Researchers say quitting cigarettes is much safer than merely cutting back to one per day.
According to the research published in the British Medical Journal, one cigarette per day still poses a 50 percent chance of developing heart disease and a 30 percent chance of suffering a stroke.
The research is an analysis of 141 studies.
According to the study, a 20 cigarette per day lifestyle can cause seven heart attacks or stroke in a group of 100 people while one cigarette a day would reduce it to three.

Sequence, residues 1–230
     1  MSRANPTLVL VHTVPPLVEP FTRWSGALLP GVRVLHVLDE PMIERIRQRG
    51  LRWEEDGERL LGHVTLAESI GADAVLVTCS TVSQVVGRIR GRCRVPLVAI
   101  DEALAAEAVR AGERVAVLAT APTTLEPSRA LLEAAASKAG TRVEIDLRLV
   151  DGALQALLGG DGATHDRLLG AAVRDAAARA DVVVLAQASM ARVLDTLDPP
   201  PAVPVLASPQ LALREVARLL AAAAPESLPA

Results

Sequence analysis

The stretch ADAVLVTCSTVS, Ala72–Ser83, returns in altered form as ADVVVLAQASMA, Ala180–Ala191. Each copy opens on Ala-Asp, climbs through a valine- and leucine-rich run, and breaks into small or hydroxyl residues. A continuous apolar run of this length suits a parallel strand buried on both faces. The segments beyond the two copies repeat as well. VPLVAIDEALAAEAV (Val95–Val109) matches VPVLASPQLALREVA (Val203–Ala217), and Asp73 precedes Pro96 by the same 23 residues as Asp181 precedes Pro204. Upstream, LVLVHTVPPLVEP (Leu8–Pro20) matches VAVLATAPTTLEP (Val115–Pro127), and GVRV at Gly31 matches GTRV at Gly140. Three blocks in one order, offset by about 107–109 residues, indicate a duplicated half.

On a gender basis, the research said men who smoke one cigarette a day have 48 percent risk of developing heart disease and 25 percent more likely to have a stroke than those who have never smoked.
For women, the chances are higher at 57 percent and 31 percent for heart disease and stroke respectively.
“There’s been a trend in quite a few countries for heavy smokers to cut down, thinking that’s perfectly fine, which is the case for things like cancer,” Allan Hackshaw, professor at the UCL Cancer Institute at University College London, who led the study, told BBC.
“But for these two common disorders, which they’re probably more likely to get than cancer, it’s not the case. They’ve got to stop completely.”
Hackshaw said those who quit smoking early can reduce their risk of cardiovascular diseases.